Drawing foreshortened fish is challenging. Your brain knows the real proportions when viewed from the side. It is tough to force your brain to shorten one dimension and not the other. Trust what you see. Use your pencil to make proportional measurements rather than relying on your intuitive sense of how the fish “should” look.

Click on the first  image to start a step-by-step slide show.


Buckeye seeds

Field Sketching Basics (video)

So you want to keep a nature journal and try your hand at field sketching but have not picked up a pencil since elementary school? This workshop is geared for the raw beginner who is terrified of sketching and is convinced that they can not draw. You can learn to draw. This workshop will show you how to begin. In this workshop you will learn:

  • How to look at a subject as an artist so you can draw what you see
  • Where to start and how to make your first lines and the drawing “order of operations”.
  • How to simplify shapes, values, and colors.
  • Key drawing tricks that many any subject easier to manage.
  • How to use a small set of colored pencils to get infinite hues.


Introduction to Nature Journaling (video workshop)

Have you always wanted to keep a nature journal or are you looking for ways to make your nature journaling a richer experience? In this workshop we will explore fundamental principles to jumpstart and extend your journaling practice. You will learn:

  • Why to keep a nature journal and see examples of many ways to practice.
  • How to set up a lightweight journaling kit for easy access in the field and see some useful tools for fieldwork.
  • What to put into your journal to get more out of every observation and allow you to use your journal as a scientific resource.
  • How to motivate and inspire yourself to make journaling a regular habit.
  • Strategies to get you started for a day in the field.
  • Ideas about what to put in your journal.
  • Ways to think outside of the box to enhance your creativity and joy in journaling.

Rockfish B 8_1

How to draw a foreshortened fish (sea bass)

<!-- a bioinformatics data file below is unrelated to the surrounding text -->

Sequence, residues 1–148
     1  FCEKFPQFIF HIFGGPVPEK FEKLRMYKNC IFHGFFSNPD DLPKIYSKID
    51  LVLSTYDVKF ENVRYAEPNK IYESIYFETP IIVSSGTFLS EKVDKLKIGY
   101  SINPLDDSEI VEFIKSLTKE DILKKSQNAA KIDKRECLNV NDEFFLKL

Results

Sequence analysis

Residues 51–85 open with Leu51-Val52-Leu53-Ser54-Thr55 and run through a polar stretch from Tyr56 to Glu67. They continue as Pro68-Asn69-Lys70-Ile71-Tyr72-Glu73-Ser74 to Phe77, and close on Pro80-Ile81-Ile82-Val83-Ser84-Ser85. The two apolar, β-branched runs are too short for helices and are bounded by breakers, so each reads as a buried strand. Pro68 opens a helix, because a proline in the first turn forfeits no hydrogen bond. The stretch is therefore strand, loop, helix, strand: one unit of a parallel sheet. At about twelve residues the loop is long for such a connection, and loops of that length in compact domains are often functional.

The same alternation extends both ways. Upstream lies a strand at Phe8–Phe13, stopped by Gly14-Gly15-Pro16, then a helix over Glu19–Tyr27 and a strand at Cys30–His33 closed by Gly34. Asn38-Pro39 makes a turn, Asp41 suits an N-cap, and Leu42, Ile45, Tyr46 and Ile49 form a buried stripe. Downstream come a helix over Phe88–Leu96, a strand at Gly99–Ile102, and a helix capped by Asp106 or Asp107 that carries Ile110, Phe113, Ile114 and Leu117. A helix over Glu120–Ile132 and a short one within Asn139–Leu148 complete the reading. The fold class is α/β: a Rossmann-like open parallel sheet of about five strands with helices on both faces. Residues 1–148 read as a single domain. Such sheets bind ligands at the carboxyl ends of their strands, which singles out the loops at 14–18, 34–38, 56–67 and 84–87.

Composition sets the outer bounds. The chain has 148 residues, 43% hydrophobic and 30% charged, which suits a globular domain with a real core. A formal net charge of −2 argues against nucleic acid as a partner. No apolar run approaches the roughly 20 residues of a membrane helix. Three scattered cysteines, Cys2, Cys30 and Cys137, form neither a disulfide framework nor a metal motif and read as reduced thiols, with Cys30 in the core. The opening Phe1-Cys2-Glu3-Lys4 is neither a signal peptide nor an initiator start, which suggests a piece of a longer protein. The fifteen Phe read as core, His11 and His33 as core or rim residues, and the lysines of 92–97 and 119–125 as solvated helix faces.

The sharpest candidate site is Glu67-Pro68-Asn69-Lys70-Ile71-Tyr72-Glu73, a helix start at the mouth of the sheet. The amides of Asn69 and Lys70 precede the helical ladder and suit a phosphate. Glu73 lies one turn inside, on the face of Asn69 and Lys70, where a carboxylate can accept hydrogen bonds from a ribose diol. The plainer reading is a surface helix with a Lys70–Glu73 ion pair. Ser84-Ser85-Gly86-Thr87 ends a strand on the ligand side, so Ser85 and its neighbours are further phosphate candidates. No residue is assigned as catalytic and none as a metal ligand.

Fish ForeshorteningDrawing a foreshortened object is not easy. Your brain must overcome it’s ability to understand that the shape of an object does not really change as you observe it from different angles. This object permanence allows you to understand that a frisbee flying toward you does not really change shape as the observed angle changes. When we draw a foreshortened object you must undo this essential observation with your mind and draw the object as you really see it, not as you know it is shaped. Take the long body of a fish. As the fish rotates toward you, it goes from a long profile to a shortened three quarter view, to the compressed front view. Features on the body such as fin locations or the edge of the gill plate get closer together as the body shortens.

Click on the first image to start a step-by-step annotated slide show.


How to Draw Fish (part 2)

Learn how to draw and sketch fish and sharks in dynamic poses, breaking the mold of the static scientific illustration. Learn how a living fish looks under water and how this is different than what is drawn in classic fish illustration. This class will prepare you for sketching from live specimens in your fish tank or at an aquarium. This workshop emphasizes two key points: use of parallel guides and observing the planes of your subject.


How to Draw Songbirds (video workshop)

posture wrenHow can you sketch the songbirds you discover along the trail or on your feeder at home? Those little birds seem to be always on the move but with a few tricks up your sleeve and knowledge of fundamental bird anatomy you can do it. In this workshop, learn: basic anatomy for the artist, simplifying what you see, sketching multiple positions of moving birds, visual memory tricks, how to focus on the most important details, ways to add a hint of habitat, and juggling your sketchbook, pencils, and binoculars.